Not gonna lie, there are moments where it looks like Schwarzenegger would rather be having The Last Sit Down. Or maybe The Last Nap.

So, on a completely random and odd note, I started this review before the latest Hollywood tidbit came thru the veins of the Cannes Film Festival "(of which I have NO idea why they would be talking about either party), but apparently Mr. Schwarzenegger is in talks to star in the remake of "The Toxic Avenger", which makes Chris a sad, sad puppy. There are very few people in showbiz that have worse comedic chops than Schwarzenegger, and I wonder what is wrong with the world every time he is cast in a comedic role. In fact, the only time I think his presence in a comedy move was ideal, and couldn't have been better with a funnier actor is in "Kindergarten Cop", where he really wasn't playing anything silly. That roll worked because he was playing an action role in a lighthearted film, perfectly cast. This, probably not so much. At least, odds are, the movie will never see the light of day, as this isn't the first time a big budget "Toxic Avenger" film has been brought up.

And now, on with our featured review.

You know what was fantastic about the 80's? Cocaine. Also brainless action movies. The two might have some connection, but I can't be sure. Looking back it seems as though a different action movie came out about once a week, especially during the dieing breaths of the Cold War. From those humble beginnings we found such actions stars as Bruce Willis, Sylvester Stallone, Chuck Norris, Jean Claude Van Damme and Arnold Schwarzenegger. Guns were fired endlessly, barrels exploded without cause and cars were ramped. Life was good.

Unfortunately, time tends to march on, and those once great action heroes of my youth have gotten older. Some have taken this opportunity to tell new stories, stories exploring the finality of age, how the constant progression of life leaves even the gods of your childhood shells of what they once were. Some have embraced their golden years, choosing to make action movies more absurd and cartoonish to make up for their lack of physical prowess. Some have gotten hyper conservative and shaved their goddamn beards off and look like a goddamn weirdo now. And some haven't changed the game-plan up one iota.

Bet you can't tell which one this movie is.

In "The Last Stand" Arnold Schwarzenegger plays small town sheriff Ray Owens who finds himself as the only thing standing between an escaped drug lord and the Mexican boarder. It also has Johnny Knoxville in it. If that doesn't make you squirm ever so much, then you are a bad person and I don't think I want to know you.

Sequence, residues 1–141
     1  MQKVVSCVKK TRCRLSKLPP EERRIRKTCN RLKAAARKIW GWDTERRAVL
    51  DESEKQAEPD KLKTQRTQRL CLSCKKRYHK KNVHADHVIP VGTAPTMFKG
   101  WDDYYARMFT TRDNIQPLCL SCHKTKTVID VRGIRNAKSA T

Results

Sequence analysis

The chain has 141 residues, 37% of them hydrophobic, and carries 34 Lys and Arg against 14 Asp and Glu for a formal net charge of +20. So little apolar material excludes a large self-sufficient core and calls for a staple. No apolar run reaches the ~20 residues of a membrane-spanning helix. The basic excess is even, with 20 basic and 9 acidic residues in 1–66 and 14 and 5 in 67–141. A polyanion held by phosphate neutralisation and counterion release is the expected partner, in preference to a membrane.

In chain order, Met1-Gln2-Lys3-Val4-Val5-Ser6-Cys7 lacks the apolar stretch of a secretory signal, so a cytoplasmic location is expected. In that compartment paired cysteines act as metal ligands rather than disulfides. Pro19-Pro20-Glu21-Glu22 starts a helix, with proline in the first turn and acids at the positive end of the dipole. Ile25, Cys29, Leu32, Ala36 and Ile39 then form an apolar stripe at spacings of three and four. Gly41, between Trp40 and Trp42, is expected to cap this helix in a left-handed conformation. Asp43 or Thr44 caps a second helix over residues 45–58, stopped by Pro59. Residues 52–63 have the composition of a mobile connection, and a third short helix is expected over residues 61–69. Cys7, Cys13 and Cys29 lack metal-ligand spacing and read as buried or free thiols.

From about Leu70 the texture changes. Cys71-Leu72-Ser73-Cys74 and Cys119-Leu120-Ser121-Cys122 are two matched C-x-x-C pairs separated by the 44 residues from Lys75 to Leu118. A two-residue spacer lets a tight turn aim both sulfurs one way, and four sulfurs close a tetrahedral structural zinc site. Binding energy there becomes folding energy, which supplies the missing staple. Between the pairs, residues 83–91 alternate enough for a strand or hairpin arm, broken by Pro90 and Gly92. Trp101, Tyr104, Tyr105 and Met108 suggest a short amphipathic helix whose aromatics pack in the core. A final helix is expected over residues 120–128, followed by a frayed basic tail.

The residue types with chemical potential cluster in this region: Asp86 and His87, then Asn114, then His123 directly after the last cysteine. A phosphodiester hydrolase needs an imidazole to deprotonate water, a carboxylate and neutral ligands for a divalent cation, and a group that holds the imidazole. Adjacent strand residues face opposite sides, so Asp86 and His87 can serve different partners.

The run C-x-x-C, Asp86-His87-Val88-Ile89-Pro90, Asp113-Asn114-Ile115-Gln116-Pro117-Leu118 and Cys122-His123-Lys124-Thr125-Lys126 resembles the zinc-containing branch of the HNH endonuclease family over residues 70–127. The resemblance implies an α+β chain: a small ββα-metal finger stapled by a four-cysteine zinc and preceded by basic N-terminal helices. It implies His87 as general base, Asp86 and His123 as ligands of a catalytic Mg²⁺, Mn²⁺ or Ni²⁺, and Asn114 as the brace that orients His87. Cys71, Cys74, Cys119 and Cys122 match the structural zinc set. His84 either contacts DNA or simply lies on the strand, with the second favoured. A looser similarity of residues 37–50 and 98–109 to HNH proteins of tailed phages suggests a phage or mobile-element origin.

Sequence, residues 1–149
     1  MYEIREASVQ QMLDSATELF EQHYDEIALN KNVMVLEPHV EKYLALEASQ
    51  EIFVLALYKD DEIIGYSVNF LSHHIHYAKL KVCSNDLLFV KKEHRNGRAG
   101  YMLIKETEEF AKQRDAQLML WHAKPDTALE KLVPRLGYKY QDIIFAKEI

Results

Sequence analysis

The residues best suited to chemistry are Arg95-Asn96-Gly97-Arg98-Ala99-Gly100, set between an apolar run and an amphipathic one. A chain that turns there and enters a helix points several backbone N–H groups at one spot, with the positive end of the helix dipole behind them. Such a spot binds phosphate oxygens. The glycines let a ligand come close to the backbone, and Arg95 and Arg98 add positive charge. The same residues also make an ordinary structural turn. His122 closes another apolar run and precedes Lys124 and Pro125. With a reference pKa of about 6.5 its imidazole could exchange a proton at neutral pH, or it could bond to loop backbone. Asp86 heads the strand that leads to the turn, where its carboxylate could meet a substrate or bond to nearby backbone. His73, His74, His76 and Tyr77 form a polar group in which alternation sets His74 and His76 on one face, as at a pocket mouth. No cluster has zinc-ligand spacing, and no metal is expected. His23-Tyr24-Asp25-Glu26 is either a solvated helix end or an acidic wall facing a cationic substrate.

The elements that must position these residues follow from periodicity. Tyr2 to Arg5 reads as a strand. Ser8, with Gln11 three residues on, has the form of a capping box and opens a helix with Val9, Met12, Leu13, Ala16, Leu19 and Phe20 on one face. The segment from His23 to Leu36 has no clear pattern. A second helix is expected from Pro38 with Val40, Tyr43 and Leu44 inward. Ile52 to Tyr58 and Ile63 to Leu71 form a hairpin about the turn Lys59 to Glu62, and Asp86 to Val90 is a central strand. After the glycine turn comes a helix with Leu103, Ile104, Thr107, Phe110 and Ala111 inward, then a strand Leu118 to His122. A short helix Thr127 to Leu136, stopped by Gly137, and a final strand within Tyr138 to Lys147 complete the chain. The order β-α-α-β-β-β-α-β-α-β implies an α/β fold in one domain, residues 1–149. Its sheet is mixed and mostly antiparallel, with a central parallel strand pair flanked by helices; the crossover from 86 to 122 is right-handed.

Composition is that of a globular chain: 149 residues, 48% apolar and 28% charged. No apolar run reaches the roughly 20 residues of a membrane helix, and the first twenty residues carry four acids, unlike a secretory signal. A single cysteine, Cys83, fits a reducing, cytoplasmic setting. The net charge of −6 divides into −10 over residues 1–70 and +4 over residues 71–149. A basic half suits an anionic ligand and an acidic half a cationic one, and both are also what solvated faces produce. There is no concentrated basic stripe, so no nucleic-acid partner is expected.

The movie was directed by Korean filmmaker Jee-Woon Kim who made some of my favorite Korean films ("A Tale of Two Sisters", "A Bittersweet Life", "The Good, The Bad, and The Weird"), under normal circumstances he is an incredible filmmaker, but coming into America he suffers the same fate that every Asian seems to fall into, terrible action movies. Much like Jet Li in "Lethal Weapon 4"  or Stephen Chow with "Dragonball: Evolution" or Jackie Chan with every American made Jackie Chan movie, Asian people can't seem to catch a break in American cinema. Hell even John Woo had to make "Broken Arrow" and "Face/Off" before he could make "Brokeback Mountain" and "The Life of Pi". I guess producers see Asian people and just think of fight scenes. Who knows.

Gonna be honest: I'm thinking violence right now too.

Anyway, point is, I like the guy who directed this, he is a seriously talented filmmaker. I still remember the time I showed one of my friends an imported copy of "A Tale of Two Sisters" way back when, and leaving him seriously weirded out. This movie doesn't weird anyone out. In fact this movie lacks any real directorial charm. Anyone could have made this movie, there is nothing creative in it, it looks to have been directed by a computer. I am curious to check out Kim's next film, just to see if this was the source material or if he has lost a step in the last few years. My guess is the material but still...

I had started this review with a discussion of how various action stars have come to grips with age. In my opinion, which is totally right by the way, most have done it with grace. Apparently Schwarzenegger has not heard the term grace, or at least is unaware of it's meanings. Sure we get the casual aside of "I'm getting to old for this" in the film, but that is the only evidence that anyone involved in the making of the movie knew that they were dealing with an almost 66 year old man. Now I am not saying he should be driving around in a rascal smacking thugs with a cane, but when you see a man old enough for Medicare dead lift a full grown man with one arm, things tend to take a turn toward the unbelievable.